An Interview with Chris Russell, Creator of 'After the Apocalypse'
I love a good serial drama, and one that I’m recently hooked on is After the Apocalypse. It’s this gritty, captivating story set in a world wiped out by a pandemic (too real, right?) and the existence that the survivors have to eke out for themselves. It’s, at times, both a slow burn and an edge-of-your-seat rollercoaster. Obviously, I can’t get enough of it.
I recently had the chance to catch up with the show’s creator, Chris Russell, and talk to him about his vision and his creative process. Here’s a sample of our interview. Stay tuned for more of our conversation coming soon!
I’ve been listening to the first two seasons of After the Apocalypse and loving it. When you tell people about this and they say, “What's it about?” how do you like to pitch it to them?
It’s actually changed over the last couple of years. I say, “I have a podcast—I have an apocalypse story,” and depending on who I’m talking to, I get different reactions to that. I get everything from, “Oh, cool, tell me about it” to “Haven't we had enough of that? Are you seriously writing a story about a viral pandemic right now?”
I took a breath to do a trailer recently to seize a zeitgeist of the characters and the situation, because before, when you’re starting it, you have to put a description together when you haven’t done anything with it. And my original description was very mechanical around the universe: Here’s a universe where there’s been a plague and 95% of the people have died and they’re struggling to survive. So it ends up sounding really generic, but now if you’ve been listening to it, now we know who the characters are and what they’re doing. We can pull those characters in and have the trailer be a narrative in itself.
When did Season 1 launch? Was it 2020?
It was the beginning of 2020. I originally planned five seasons. I mean, I just started my third season. I'm dropping episode two for the early release people this Friday. And so it's 20 episodes per season, and each episode is somewhere around 15 to 20 minutes of the narrative. And then I do some self-serving commentary on the backend of that, or I talk about something that's interesting to me. I'll give you the preview this week—I'm talking about the creature double feature movies in the ‘70s. And one of them in particular about giant ants. So, you know, I talk about science fiction, that sort of thing.
Tell me a little bit about your creative process. It sounds like you had this whole plot planned out from the very beginning. Was this the sort of thing where you’re developing as you go, or do you have a very loose outline?
So it's pretty loose. I had a general idea of the full arc, of your basic plot elements like who's going where and doing what. Who were the protagonists? Who were the antagonist? And each season needs to have a point. It needs to have a struggle of some sort. It needs to have that journey where there is essentially a three-act play. So you're going to find that challenge of that season and then move through it to the end and have the resolution.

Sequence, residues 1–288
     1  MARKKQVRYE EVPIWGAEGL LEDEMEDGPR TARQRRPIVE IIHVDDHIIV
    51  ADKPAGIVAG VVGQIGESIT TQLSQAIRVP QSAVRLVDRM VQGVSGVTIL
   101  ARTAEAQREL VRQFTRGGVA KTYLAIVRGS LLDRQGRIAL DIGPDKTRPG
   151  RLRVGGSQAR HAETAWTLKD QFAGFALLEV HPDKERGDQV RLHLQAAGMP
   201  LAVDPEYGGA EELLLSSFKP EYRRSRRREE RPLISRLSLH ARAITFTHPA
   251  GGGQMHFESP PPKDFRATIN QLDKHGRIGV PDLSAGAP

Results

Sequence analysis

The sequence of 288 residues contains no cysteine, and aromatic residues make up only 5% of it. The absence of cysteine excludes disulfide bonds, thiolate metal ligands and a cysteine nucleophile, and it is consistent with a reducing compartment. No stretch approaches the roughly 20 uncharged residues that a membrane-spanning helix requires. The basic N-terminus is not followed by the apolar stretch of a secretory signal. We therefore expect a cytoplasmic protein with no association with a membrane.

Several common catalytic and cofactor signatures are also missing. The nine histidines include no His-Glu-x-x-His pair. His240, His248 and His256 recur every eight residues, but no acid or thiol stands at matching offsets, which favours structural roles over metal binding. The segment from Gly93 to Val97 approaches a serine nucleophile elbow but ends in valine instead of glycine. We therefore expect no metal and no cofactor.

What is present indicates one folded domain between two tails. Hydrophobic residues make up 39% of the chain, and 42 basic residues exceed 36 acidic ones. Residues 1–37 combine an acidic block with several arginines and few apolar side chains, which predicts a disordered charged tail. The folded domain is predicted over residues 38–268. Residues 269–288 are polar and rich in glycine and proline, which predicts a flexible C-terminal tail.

And then at the end of all five, there's a big resolution that results in a whole series. And hopefully I won't get trapped in that thing that I always see the indie authors get trapped in where they try to write a trilogy and it ends up being ten books.
So I have a loose idea of what the major plot points are. And then I sit down and try to lay out, in general, the flow of the season, and then the flow of each episode within that. But I don't overly structure it.
Do you enjoy the part of the process when it feels like your story is taking on a life of its own? Or does it does it ever make you a little bit nervous?
No, I do, because it makes the writing so much easier. You don't feel like you're doing homework. Instead, the characters are leading you. And that's way better.
Because that's the challenge of laying out the script ahead of time and saying, “Here are the beats.” All that stuff then starts to feel like homework when you're writing. And I want to leave enough room for that creativity.
We’ve talked before about how you and I are both runners. What made you want to make the protagonist of your story a runner?
You know, a couple of things. Write what you know. I thought I could do a real good job of describing the chase scene from the mind of a runner. If you're chasing somebody or you're being chased, you have a whole different set of data than the rest of the world. But specifically, at the time, it was I'm an old guy and I would line up these races and see a lot of hubris from the other younger athletes. And the old guys may not have the physical talent anymore, but they've sort of cracked the code on pain management. I wanted to insert a little bit of that, especially in that first episode where the where the kid tries to chase them down.
So it sounds to me like you feel pretty confident that your own training would equip you to survive very well in a post-apocalyptic world.
I think that's one of the fun questions to ask. Right? Who's gonna survive? I think there's going to be a mix of people who you think should survive. Should it be people with survival skills, for lack of a better word, people who are physically fit? Yeah. But I think there's probably going to be some other people who you wouldn't expect to survive, are going to survive. Just because nature's chaotic.
Tune in and listen to After the Apocalypse here!